This film is unusually long and complicated for J-horror, clocking in at a hair under two hours (though still a fair sight shorter than the monstrously large Noriko’s Dinner Table (159 min.)), but I think the longer journey is worth the rewards at the end for all the built-up tension. The journey that Kobayashi’s cameraman, Miyajima, documents is strewn with twists and turns, uncoincidences, unfathomable forces, and pitch black implications. One of the things I love about this film is its Lovecraftian nature, in that neither the characters nor the audience are ever clued in to any reassuring rules governing the supernatural forces attacking them. The best that Kobayashi has to work on is rumor and conjecture in his desperate, life-or-death race to find some means of saving the day, and his gradual transformation from objective researcher to compassionate hero makes his struggle all the more compelling to watch (and his final disappearance all the more disturbing).

I think I’ve touted this film on just about every blog and other mass communication medium I’ve ever touched, at one point or another. (I think I’m unconsciously trying to build up a grassroots movement to get the DVD brought to Region 1…) That said, since it ISN’T in region 1 yet, I feel little ethical quandary in posting this link to a YouTube page where you can watch the whole thing with subtitles for free on YouTube:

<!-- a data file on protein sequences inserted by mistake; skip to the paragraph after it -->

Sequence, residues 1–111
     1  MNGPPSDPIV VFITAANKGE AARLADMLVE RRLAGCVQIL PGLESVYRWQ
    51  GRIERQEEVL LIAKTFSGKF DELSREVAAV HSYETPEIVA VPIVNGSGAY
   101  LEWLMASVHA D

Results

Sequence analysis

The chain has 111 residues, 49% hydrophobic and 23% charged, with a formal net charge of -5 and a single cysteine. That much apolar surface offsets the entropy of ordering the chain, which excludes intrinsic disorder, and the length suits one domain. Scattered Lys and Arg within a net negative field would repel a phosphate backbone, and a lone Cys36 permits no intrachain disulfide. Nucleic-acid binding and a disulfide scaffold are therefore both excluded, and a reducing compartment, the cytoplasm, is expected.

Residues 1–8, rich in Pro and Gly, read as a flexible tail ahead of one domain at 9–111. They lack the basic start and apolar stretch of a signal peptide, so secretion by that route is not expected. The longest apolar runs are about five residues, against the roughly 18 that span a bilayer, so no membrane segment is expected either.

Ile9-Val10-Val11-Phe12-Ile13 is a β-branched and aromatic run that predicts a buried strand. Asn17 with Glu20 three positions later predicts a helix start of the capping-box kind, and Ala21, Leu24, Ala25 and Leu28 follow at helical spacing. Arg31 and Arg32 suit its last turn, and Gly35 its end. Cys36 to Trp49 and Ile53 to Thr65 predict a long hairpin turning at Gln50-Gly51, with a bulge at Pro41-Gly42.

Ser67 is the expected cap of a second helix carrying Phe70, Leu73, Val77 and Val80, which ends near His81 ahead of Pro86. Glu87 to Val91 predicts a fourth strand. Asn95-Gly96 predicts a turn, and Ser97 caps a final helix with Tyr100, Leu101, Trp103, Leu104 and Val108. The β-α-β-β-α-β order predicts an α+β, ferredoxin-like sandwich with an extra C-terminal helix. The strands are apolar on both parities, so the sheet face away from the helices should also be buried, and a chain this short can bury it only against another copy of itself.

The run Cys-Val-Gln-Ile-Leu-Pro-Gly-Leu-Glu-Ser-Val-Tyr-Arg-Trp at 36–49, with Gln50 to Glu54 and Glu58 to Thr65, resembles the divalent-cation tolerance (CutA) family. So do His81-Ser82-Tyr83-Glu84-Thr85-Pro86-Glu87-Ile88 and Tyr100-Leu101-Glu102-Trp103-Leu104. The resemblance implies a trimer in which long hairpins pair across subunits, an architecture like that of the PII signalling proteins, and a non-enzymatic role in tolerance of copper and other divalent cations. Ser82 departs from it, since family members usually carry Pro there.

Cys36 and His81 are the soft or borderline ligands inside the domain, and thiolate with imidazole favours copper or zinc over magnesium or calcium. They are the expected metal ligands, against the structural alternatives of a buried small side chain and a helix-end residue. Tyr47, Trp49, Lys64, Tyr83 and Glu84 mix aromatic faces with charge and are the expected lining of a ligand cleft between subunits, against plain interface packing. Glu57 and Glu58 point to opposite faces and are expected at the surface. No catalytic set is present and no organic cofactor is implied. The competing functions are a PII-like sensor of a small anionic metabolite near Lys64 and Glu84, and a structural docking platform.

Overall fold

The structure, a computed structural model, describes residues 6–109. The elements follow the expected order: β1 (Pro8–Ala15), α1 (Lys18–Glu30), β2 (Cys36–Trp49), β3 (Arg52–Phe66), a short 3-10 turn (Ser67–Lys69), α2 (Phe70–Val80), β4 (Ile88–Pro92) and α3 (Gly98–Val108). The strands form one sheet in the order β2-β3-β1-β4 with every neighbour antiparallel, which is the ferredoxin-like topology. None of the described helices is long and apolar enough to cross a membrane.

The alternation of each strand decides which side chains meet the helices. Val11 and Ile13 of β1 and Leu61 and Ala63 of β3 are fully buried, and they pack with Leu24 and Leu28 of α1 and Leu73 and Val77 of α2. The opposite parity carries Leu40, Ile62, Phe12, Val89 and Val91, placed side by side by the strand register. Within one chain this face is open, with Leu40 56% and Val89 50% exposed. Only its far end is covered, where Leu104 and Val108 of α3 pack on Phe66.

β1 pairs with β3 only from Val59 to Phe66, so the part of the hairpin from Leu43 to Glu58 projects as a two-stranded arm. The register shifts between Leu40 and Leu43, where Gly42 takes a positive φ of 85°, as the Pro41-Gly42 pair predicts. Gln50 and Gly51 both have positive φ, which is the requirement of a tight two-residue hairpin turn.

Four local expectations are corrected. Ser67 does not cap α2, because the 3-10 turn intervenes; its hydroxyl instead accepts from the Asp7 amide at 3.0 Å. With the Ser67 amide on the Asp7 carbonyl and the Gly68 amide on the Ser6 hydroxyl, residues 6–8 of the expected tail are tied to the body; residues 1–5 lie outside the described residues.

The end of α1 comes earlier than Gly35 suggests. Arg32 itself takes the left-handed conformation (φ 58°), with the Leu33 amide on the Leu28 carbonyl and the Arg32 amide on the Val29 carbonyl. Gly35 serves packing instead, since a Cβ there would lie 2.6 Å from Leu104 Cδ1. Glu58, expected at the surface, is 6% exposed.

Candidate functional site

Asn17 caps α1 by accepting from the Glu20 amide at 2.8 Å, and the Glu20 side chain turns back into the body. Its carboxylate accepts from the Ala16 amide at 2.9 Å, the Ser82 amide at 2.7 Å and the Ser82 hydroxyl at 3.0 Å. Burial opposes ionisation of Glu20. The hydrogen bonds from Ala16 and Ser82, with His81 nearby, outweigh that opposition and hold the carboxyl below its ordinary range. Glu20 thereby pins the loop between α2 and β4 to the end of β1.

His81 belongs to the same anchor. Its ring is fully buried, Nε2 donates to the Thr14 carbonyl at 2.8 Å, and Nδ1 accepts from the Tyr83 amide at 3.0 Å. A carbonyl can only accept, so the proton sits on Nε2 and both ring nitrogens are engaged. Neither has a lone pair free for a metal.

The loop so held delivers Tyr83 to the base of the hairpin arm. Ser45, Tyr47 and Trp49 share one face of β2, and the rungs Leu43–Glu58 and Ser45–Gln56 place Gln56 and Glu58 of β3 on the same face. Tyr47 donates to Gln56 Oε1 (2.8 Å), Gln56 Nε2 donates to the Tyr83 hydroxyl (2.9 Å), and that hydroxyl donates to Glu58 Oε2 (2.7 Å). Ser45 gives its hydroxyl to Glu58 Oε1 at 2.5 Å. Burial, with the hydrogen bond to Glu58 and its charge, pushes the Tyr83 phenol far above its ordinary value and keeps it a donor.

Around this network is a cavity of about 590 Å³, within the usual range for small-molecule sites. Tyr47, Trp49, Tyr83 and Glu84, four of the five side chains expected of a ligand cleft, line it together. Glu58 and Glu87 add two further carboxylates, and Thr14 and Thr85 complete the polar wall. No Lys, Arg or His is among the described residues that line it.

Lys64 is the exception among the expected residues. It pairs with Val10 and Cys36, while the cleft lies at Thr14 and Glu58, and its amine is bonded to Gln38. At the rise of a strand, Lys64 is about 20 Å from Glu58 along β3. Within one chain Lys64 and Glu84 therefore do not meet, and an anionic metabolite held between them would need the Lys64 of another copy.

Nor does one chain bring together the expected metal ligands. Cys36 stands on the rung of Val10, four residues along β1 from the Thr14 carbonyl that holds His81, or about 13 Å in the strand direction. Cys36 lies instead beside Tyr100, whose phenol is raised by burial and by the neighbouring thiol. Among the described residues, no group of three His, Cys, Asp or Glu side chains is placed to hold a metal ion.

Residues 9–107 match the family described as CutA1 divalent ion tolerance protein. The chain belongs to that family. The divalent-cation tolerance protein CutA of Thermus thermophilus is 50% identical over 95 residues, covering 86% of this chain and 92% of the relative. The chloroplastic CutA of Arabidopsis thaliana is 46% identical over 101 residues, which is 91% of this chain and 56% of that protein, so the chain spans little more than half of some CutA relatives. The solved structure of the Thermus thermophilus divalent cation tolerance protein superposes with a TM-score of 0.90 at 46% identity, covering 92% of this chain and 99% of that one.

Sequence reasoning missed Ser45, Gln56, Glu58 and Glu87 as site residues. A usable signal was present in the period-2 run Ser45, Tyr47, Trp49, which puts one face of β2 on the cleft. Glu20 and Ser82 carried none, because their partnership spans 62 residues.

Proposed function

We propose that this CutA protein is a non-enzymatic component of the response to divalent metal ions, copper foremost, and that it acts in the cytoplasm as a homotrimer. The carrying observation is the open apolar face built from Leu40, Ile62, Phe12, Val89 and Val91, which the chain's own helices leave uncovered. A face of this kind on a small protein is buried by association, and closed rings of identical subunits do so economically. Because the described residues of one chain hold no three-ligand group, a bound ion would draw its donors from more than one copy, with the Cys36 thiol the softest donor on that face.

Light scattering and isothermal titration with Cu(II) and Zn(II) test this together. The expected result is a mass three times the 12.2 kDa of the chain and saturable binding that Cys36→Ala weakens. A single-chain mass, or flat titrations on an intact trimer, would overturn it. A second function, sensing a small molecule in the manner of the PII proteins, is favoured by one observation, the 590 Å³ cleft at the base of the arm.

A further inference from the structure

Make sure you stick around after the first credits roll: this is a film within a film. Even after seeing it four times, just thinking about that ending still makes my spine crawl...


 Onibaba (1964) (J-horror, historical drama, black and white)

Two women living in a hut have made a cruel living for themselves: they murder soldiers fleeing Japan’s civil war and pawn their armor and weapons. When the love of a man comes between the two women, it leads to infighting which is brought to a head with the arrival (and subsequent slaying) of a mysterious samurai donning a demon’s mask.

Onibaba is an odd duck. Its themes and content were unusually worldly and crude compared to my experience of Japanese cinema from this time. The story it tells is compelling in a Breaking Bad sort of way, watching as characters gather speed and ping off of one-another, threatening to bring the whole thing down around them. It’s obvious that the two women are on a road to ruin, but it’s impossible to see how things are going to shake out until the dark ending.

Like A Chinese Ghost Story, this film seems really to be a drama with horror elements to it, but it’s a very unique piece, in my opinion, and an interesting movie to watch.


 Pontypool (2008) (trapped inside, infection, zambambos)

Radio personality Grant Mazzy is heading up the late-night broadcast in Pontypool, Ontario, with coffee in hand, while a blizzard batters the building on all sides. He soon finds himself thrust into the role of a news reporter, however, after an uncomfirmed report of mass homicides at a doctor’s office by a field reporter is unexpectedly cut off, followed by a bizarre broadcast in French warning the people of Pontypool to stop talking to one another. As a mysterious infection breaks through into the radio station, Grant and his co-producers are suddenly locked into a life-or-death struggle with the infected.

I’m still not sure if I really like this one or not–it had some pacing problems, particularly in the third act, but the story it told and the way it told it was surprisingly unique and entertaining, and the concept underlying the infection is interesting as well.

A unique horror movie with a good cast and a strange ending. Also, the principal actor reminds me of Jim Varney mixed with Kevin Bacon.